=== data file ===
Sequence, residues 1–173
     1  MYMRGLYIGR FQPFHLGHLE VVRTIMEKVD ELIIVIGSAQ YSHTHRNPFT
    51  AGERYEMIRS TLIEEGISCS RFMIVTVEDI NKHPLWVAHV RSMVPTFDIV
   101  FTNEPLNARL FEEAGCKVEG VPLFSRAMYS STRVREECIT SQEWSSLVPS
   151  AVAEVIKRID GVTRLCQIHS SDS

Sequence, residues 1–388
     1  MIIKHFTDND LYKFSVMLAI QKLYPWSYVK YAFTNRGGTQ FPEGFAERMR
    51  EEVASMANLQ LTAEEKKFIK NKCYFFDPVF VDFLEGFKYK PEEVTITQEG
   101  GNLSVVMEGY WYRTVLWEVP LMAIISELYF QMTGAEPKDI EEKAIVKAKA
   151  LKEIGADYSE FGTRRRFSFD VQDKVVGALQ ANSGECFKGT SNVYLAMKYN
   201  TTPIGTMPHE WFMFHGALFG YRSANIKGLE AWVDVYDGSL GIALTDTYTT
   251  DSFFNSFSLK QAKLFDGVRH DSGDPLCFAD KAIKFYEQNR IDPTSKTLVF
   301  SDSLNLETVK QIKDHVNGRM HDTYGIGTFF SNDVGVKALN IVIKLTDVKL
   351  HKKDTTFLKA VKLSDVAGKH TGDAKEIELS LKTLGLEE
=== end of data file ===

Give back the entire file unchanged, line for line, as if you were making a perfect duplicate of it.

Sequence, residues 1–173
     1  MYMRGLYIGR FQPFHLGHLE VVRTIMEKVD ELIIVIGSAQ YSHTHRNPFT
    51  AGERYEMIRS TLIEEGISCS RFMIVTVEDI NKHPLWVAHV RSMVPTFDIV
   101  FTNEPLNARL FEEAGCKVEG VPLFSRAMYS STRVREECIT SQEWSSLVPS
   151  AVAEVIKRID GVTRLCQIHS SDS

Sequence, residues 1–388
     1  MIIKHFTDND LYKFSVMLAI QKLYPWSYVK YAFTNRGGTQ FPEGFAERMR
    51  EEVASMANLQ LTAEEKKFIK NKCYFFDPVF VDFLEGFKYK PEEVTITQEG
   101  GNLSVVMEGY WYRTVLWEVP LMAIISELYF QMTGAEPKDI EEKAIVKAKA
   151  LKEIGADYSE FGTRRRFSFD VQDKVVGALQ ANSGECFKGT SNVYLAMKYN
   201  TTPIGTMPHE WFMFHGALFG YRSANIKGLE AWVDVYDGSL GIALTDTYTT
   251  DSFFNSFSLK QAKLFDGVRH DSGDPLCFAD KAIKFYEQNR IDPTSKTLVF
   301  SDSLNLETVK QIKDHVNGRM HDTYGIGTFF SNDVGVKALN IVIKLTDVKL
   351  HKKDTTFLKA VKLSDVAGKH TGDAKEIELS LKTLGLEE